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Marijuana arrests still occurring, may require strong defense


Recreational use of marijuana is legal in Nevada and seven other states. In this state that means anyone may possess up to one ounce of marijuana, one-eighth ounce of concentrate, and paraphernalia for smoking. However, there are still marijuana arrests in the state. Knowing the law can allow Nevadans to avoid an arrest and a subsequent conviction for marijuana use or possession.

First, you should know that it is illegal to cross the Nevada border with marijuana purchased in another state. The police cannot ask where a person obtained the substance once they are in the state if they do not exceed the legal possession limit. However, the police may check people at the state border.

Second, marijuana cannot be transported on an airplane. TSA officials can report this to local police, as marijuana is still an illegal drug under federal law.

Third, trafficking in marijuana in any amount is illegal except for licensed marijuana dispensaries. It is also unlawful to buy marijuana from an unlicensed dealer, but, again, the police may not ask where a person obtained it.

Fourth, a person may not consume marijuana in public and especially while driving. The legal amount can be carried in vehicles, however. While a person may smoke marijuana in a private residence, the police may arrest a driver for a DUI charge if he or she operates a motor vehicle while high. There are no devices currently on the market for measuring THC levels in a driver. However, the police may make an arrest if a driver appears impaired. They will normally conduct a field sobriety test instead of having a blood test performed.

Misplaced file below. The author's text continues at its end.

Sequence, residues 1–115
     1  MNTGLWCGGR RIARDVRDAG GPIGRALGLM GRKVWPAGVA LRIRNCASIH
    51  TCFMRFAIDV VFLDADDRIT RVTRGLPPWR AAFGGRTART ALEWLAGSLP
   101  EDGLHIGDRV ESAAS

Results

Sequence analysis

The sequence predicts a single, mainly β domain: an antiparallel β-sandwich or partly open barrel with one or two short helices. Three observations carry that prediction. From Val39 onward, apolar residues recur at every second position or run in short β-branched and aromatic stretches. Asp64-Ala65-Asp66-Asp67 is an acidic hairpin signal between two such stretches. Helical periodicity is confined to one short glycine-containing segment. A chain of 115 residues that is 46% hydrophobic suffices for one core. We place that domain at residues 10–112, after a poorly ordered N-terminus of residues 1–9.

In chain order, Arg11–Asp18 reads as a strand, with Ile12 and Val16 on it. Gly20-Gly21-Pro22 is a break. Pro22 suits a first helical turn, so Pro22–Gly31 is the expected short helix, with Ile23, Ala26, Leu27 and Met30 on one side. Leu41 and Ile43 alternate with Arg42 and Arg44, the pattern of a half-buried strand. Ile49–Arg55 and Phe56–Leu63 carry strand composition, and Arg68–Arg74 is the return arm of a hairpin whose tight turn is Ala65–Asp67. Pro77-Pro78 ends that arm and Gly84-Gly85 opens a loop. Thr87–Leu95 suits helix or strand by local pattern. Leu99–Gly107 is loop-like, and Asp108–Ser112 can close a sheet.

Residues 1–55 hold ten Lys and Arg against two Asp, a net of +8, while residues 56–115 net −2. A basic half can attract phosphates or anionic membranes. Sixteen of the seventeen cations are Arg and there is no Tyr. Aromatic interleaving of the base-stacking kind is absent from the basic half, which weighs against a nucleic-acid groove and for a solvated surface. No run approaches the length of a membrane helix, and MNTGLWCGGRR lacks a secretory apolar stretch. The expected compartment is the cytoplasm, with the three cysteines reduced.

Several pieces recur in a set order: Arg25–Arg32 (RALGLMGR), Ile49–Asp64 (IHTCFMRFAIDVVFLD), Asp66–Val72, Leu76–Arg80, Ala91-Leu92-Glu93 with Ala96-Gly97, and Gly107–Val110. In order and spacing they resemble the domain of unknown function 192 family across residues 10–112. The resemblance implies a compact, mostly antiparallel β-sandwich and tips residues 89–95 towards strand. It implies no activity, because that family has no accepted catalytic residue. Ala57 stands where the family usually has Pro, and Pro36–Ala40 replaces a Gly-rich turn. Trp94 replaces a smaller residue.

Fifth, sending any amount of marijuana through the mail violates federal law. FedEx and UPS also say that they will not knowingly ship it.

Breaking marijuana laws can have far-reaching consequences, too. Property renters, for example, may violate their lease by using marijuana. Also, medical marijuana users may lose their card if they are caught selling or sharing marijuana with anyone.

Good news may be coming, though. A bill in the Nevada legislature will allow the expungement of an earlier marijuana-related criminal conviction that is for an offense that is no longer illegal. It is also anticipated that Nevada will have guidelines allowing recreational sales this summer.

Anyone arrested for a marijuana offense should seek legal representation. An attorney may be able to help determine whether the arrest was valid and in accordance with these new laws.

Source: Mesquite Local News, "If you want to smoke weed, you'd better know the laws," By Teri Nehrenz, April 22, 2017

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